The opinion of the court was delivered by: James L. Robart United States District Judge
ORDER DENYING MOTIONS TO APPOINT COUNSEL
Plaintiff Christopher W. Cardwell is a state prisoner proceeding pro se and in forma pauperis. Mr. Cardwell is asserting claims pursuant to 42 U.S.C. § 1983 for deliberate indifference to his medical needs. (Am. Compl. (Dkt. # 8).) This matter comes before the court upon Mr. Cardwell's fourth and fifth motions for appointment of counsel (Fourth Mot. (Dkt. # 49); Fifth Mot. (Dkt. # 60)).
The Supreme Court has ruled that district courts lack authority to require counsel to represent indigent prisoners in cases under 42 U.S.C. § 1983. Mallard v. U.S. Dist. Court, 490 U.S. 296, 298 (1989). In certain exceptional circumstances, however, a district court may in its discretion request voluntary assistance of counsel pursuant to 28 U.S.C. § 1915(e)(1). Terrell v. Brewer,935 F.2d 1015, 1017 (9th Cir. 1991); Wood v. Housewright, 900 F.2d 1332, 1335-36 (9th Cir. 1990) (holding that, in the absence of exceptional circumstances, the district court did not abuse its discretion in refusing to appoint counsel for inmate in connection with civil rights action alleging deliberate indifference to medical needs and denial of meaningful access to the courts). In order to determine whether a plaintiff has demonstrated exceptional circumstances, a court must evaluate the plaintiff's likelihood of success on the merits and the plaintiff's ability to articulate his claims pro se in light of the complexity of the legal issues involved. See Wilborn v. Escalderon, 789 F.2d 1328, 1331 (9th Cir. 1986); Weygandt v. Look, 718 F.2d 952, 954 (9th Cir. 1983).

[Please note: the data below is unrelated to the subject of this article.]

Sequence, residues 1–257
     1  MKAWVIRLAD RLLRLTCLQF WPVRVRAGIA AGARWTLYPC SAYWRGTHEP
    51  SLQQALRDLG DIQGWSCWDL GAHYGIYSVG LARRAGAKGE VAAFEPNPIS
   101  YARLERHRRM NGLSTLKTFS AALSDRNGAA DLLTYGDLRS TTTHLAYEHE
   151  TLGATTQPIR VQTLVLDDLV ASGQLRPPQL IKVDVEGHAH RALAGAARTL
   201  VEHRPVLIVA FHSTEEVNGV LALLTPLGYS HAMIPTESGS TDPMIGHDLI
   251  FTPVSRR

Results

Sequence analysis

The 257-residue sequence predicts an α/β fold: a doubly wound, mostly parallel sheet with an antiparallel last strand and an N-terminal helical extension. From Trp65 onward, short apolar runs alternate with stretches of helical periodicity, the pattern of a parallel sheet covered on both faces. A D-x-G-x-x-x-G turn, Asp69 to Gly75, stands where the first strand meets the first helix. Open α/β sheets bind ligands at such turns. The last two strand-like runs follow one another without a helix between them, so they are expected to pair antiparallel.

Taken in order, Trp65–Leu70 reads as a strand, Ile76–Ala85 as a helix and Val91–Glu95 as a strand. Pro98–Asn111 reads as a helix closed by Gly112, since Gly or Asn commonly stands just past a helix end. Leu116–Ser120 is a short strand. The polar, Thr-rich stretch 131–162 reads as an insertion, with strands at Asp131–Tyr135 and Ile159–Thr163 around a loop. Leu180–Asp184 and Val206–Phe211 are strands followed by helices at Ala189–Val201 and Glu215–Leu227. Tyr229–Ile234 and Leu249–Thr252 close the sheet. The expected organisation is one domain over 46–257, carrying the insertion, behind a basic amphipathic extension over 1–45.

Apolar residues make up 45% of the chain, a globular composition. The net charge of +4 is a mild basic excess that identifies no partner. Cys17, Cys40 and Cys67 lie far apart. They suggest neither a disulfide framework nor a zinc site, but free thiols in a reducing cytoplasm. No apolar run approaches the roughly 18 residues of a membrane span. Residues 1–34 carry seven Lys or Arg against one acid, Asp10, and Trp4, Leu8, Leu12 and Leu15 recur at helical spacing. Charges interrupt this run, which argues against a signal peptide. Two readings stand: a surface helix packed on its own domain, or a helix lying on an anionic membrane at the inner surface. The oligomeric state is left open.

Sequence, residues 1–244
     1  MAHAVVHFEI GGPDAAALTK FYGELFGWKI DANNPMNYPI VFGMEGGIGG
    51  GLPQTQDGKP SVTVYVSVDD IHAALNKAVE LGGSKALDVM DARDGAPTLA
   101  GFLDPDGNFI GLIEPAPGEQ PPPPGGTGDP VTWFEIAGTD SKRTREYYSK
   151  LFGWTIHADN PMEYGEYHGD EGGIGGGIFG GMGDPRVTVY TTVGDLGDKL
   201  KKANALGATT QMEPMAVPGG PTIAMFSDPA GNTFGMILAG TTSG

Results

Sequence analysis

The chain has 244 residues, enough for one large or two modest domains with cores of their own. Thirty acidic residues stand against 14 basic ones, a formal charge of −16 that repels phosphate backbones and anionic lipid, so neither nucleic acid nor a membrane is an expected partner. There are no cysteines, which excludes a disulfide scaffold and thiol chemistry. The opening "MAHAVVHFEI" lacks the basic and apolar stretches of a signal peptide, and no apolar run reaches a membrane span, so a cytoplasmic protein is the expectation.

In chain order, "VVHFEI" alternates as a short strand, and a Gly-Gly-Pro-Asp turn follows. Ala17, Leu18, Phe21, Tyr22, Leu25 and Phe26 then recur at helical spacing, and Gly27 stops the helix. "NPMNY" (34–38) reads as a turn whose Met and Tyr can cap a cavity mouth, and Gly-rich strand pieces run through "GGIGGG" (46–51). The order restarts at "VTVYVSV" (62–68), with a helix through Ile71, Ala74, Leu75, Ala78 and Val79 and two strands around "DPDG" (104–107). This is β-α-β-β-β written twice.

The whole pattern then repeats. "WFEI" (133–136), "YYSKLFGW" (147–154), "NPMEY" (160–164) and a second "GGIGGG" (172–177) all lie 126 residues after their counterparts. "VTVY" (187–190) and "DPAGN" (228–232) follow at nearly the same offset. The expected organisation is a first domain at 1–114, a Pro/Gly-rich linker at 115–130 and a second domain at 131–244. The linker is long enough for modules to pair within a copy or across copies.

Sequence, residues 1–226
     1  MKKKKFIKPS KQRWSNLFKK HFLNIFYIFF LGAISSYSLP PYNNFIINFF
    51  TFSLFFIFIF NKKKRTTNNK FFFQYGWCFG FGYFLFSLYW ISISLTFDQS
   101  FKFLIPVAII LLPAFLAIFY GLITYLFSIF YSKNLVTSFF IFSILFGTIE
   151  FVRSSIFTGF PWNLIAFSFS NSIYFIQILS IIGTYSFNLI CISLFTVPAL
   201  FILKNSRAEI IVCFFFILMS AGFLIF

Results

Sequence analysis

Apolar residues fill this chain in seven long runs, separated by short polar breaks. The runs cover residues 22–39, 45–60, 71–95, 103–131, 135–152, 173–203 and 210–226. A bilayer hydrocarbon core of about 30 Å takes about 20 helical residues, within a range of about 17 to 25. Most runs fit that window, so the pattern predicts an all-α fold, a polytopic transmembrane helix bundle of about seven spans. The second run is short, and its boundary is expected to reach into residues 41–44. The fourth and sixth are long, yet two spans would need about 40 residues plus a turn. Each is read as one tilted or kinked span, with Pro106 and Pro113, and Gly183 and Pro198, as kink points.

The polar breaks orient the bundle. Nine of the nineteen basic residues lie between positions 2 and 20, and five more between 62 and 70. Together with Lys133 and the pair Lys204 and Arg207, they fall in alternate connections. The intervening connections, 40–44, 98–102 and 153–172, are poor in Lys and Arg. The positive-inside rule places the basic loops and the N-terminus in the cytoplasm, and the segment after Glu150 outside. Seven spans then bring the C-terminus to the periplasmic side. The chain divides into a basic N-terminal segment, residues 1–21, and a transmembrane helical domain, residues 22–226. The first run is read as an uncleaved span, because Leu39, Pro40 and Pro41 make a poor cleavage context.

The court denied Mr. Cardwell's three prior motions to appoint counsel. (See Dkt. ## 16, 28, 43 (motions); Dkt. # 41, 46 (orders denying motions).) As in his earlier motions, Mr. Cardwell relies in part on his eleventh-grade education as grounds that would warrant his request for voluntary assistance of counsel. Failure to complete high school, however, is an experience common to many prisoners and does not establish exceptional circumstances. Although Mr. Cardwell may not have completed high school, based on the pleadings he has filed to date, he appears to be literate and capable of articulating his claims. Likewise, other problems alleged by Mr. Cardwell, such as difficulty understanding procedural rules, responding to pleadings filed by party opponents, and locating medical experts, are largely concerns that any pro se litigant would face. See Wood, 900 F.2d at 1335-36. Further, the legal issues surrounding Mr. Cardwell's 42 U.S.C. § 1983 claim that he was deprived of adequate medical care are not complex. Finally, Mr. Cardwell's assertion that he has limited access to the prison's law library due to the large number of inmates the library serves does not establish exceptional circumstances. Accordingly, the court does not find that Mr. Cardwell has demonstrated exceptional circumstances warranting the appointment of counsel.
For the foregoing reasons, the court DENIES Mr. Cardwell's fourth and fifth motions to appoint counsel (Dkt. ## 49, 60).
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